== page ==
The United States has fired the opening shot in the latest softwood-lumber war against Canada, with the Trump administration announcing its first batch of duties on imported wood in the neighbourhood of 20 per cent. The move was expected: the deep-rooted dispute over lumber pricing between the two countries has led to once-a-decade trade skirmishes over the issue, resulting in American duties, then the inevitable court battles, and ultimately negotiated settlements. What wasn’t expected Monday was the enthusiasm with which the new American administration flung itself into the lumber hostilities, touting its incoming countervailing duties as an example of U.S. President Donald Trump’s tough, America-first trade posture. ...America’s lumber lobby applauded the announcement. “We are pleased with this initial outcome and are looking forward to the (next, anti-dumping) duties expected to be announced June 23,” said Zoltan van Heyningen of the U.S. Lumber Coalition.

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B.C. Lumber Producers to Vigorously Defend Against Egregious U.S. Duties on Softwood Lumber

Categories: Company & Business News
Region: Canada; United States
Apr 24, 2017
BC Lumber Trade Council

VANCOUVER, BC – Today, the U.S. Department of Commerce imposed punitive preliminary countervailing duty rates on Canadian softwood lumber in response to a petition filed by the protectionist lumber lobby in United States. In this preliminary determination, countervailing duty rates imposed are as follows: Canfor 20.26%, JD Irving 3.02%, Resolute 12.82%, Tolko 19.5%, West Fraser 24.12%, and 19.88% for all other British Columbian and Canadian producers. “These duties are unwarranted, and this determination is completely without merit,” said Susan Yurkovich, President of the BC Lumber Trade Council... The U.S. Department of Commerce [DOC] also found “critical circumstances” which means duties will be retroactive 90 days for all companies other than the mandatory respondents. “The finding of critical circumstances in this case represents an unprecedented departure from the DOC’s typical approach and produces an entirely arbitrary result,” added Yurkovich... However, with this U.S. trade action, we will also continue to vigorously defend our industry and our workers against these unwarranted duties and expect to be successful as we have been in the past.”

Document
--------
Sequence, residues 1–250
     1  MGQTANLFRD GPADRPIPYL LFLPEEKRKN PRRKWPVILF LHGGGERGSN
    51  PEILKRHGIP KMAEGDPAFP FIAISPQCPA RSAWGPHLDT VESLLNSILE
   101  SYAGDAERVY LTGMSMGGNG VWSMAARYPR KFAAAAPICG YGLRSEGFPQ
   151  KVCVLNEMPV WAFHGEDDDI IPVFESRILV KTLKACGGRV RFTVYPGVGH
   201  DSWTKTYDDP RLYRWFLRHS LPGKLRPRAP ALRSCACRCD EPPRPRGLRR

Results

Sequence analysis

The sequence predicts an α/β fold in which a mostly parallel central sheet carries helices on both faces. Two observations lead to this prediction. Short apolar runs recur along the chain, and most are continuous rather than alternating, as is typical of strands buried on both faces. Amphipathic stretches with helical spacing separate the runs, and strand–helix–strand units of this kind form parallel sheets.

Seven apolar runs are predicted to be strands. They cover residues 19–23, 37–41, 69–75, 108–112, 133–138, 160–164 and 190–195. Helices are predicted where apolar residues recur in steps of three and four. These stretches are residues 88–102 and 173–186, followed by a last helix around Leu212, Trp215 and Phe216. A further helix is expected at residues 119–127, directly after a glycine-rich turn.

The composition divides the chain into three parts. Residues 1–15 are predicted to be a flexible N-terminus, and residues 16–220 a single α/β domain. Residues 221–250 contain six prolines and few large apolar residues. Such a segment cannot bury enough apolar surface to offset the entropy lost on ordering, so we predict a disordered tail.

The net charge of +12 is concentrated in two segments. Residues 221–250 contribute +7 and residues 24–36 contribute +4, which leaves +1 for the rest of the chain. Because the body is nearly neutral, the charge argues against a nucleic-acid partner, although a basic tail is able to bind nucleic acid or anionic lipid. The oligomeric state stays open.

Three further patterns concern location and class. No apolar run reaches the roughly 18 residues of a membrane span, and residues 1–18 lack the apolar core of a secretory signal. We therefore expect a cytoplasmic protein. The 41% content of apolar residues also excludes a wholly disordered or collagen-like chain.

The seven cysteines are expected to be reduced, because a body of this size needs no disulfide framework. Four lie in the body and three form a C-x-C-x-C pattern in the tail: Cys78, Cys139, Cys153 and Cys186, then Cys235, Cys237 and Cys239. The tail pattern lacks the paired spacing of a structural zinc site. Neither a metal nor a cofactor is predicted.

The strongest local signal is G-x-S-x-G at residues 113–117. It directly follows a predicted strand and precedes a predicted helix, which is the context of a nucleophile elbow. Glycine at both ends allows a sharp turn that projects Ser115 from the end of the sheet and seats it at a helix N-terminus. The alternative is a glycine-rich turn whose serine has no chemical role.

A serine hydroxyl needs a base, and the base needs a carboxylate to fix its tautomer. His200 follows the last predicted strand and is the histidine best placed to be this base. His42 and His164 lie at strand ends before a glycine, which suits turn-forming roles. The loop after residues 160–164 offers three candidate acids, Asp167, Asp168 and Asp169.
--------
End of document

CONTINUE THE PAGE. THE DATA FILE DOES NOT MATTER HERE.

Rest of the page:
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Trump Plans To Impose Tariff On Imports of Canadian Softwood Lumber

By Peter Nicholas, Paul Vieira

Categories: Company & Business News
Region: Canada; United States
Apr 24, 2017
Associated Press in Fox Business

The Trump administration is taking retaliatory action against Canada over a trade dispute, moving to impose a 20% tariff on softwood lumber that is typically used to build single-family homes.  In an interview Monday, Commerce Secretary Wilbur Ross said the tariff will be applied retroactively and imposed on Canadian exports to the U.S. of about $5 billion a year... The determination that Canada improperly subsidizes its exports is preliminary, and the Commerce Department will need to make a final decision. In addition, the U.S. International Trade Commission will need to find that the U.S. industry has suffered injury. But even a preliminary decision has immediate real-world consequences, by discouraging importers from buying lumber from Canada. We tried to negotiate a settlement but we were unable," Mr. Ross said, adding that previous administrations have also been unsuccessful in resolving the dispute. 

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U.S. Lumber Industry Applauds Commerce Department Finding of Massive Canadian Subsidies